The male bees or drones are the least productive members of the bee hive since they don’t participate in any activities performed by the worker bees, like gathering food and defending the hive. Their only role in their lifetime is to mate with virgin queen bees in a designated location called a drone congregation area .
When the mating season is over or as the winter draws near and the supply of food becomes limited in the hive, the worker bees will either kill or kick the drones out of the hive and are left for dead so they can conserve food for the rest of the colony.
What are the members of a bee colony?
The honeybees are the most common type of social bees or bees living within a colony in a single hive. Though unequal, each bee has specific roles inside the hive because some bees have a harder responsibility. In contrast, the others have no responsibilities at all.
1. Queen Bee
A queen bee is a female bee with a developed reproductive organ. Once matured and mated, the queen bee will be responsible for populating the hive by laying thousands of eggs each day. During her lifetime, she will be the mother of most (if not all) of the bees in the colony.
The queen bee’s larva is unique and is placed in a special cell called a queen cup and fed with royal jelly, unlike the other bee larvae, which are fed bee bread (a combination of pollen and nectar or honey) .
The queen bee is also the most crucial bee in the hive because of the responsibility of reproduction. Since there is a single queen bee in the colony, a loss or accidental death of the queen bee may be disastrous for the colony.
2. Worker Bees (Female)
Worker bees are female bees that lack the ability to reproduce, unlike a queen bee. Worker bees are also the most hard-working bees in the hive since they are responsible for almost all of the productive activities within the colony, both inside and outside the hive.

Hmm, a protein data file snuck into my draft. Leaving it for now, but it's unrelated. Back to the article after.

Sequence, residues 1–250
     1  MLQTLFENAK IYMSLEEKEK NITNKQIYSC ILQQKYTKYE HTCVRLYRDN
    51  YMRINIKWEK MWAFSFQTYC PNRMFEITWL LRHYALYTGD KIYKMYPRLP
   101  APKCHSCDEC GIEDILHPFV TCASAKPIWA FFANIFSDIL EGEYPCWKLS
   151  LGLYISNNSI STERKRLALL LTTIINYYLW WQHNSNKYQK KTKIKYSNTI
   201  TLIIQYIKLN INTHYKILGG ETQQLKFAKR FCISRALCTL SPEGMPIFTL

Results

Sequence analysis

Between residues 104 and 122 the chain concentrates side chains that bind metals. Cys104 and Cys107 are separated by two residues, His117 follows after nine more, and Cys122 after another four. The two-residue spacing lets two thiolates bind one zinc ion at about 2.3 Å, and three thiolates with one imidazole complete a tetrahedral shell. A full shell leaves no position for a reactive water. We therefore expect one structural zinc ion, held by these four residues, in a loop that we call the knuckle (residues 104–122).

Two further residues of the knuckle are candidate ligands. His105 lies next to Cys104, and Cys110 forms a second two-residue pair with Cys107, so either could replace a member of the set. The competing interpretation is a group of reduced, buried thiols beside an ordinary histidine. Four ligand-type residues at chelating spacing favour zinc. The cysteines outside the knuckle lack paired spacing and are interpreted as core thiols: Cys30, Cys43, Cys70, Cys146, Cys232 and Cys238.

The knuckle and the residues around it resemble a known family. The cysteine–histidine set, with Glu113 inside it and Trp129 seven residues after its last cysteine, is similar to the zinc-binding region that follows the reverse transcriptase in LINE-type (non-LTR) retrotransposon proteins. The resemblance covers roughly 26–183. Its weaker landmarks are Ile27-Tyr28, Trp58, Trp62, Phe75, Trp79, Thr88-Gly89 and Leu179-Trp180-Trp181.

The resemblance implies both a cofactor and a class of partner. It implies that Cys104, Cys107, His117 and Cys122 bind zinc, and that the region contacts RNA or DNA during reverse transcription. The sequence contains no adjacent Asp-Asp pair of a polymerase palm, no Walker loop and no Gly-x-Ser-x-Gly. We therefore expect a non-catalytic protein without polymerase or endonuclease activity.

They travel far to forage flowers to collect food like nectar and pollen, produce wax and honey, defend the colony against predators and intruders even to death by stinging, nurse bee larvae and feed them, collect dead bees and larvae to make room in the hive, construct or repair the hive, and even feed the lazy drone bees.
3. Drone Bees (Male)
The drone bees are male bees and are larger than the worker bees. Though they are bigger in size compared to the busy worker bees, they don’t have stingers to protect the colony. They also don’t travel far and wide to foraging sites to collect nectar and pollen from flowers.
In fact, drone bees’ role in their life is to go to a drone congregation area and wait for a virgin queen bee and mate with her, where they will die after. On the other hand, the unmated drone bees will live a life of leisure or be tossed out of the hive to die during a food shortage.
The honeybee colony is made up of many female worker bees, several male drone bees, and a single queen bee. Since there is a queen inside the hive, it is only natural to presume that there should also be a king that will be the queen’s mate.
Unfortunately, there is no such thing as a king bee. In fact, the male bees don’t have any productive role within the colony except to deposit their sperm to a virgin queen bee during nuptial flights, where up to 15 drones will mate with the queen bee. The successful drones will die shortly after.
If the drones are unsuccessful in mating, they will have no more roles in the colony except to consume food since they don’t work. They also don’t have stingers to use to defend the colony. So in times of less food supply, the worker bees will kill or kick them out of the hive to conserve food.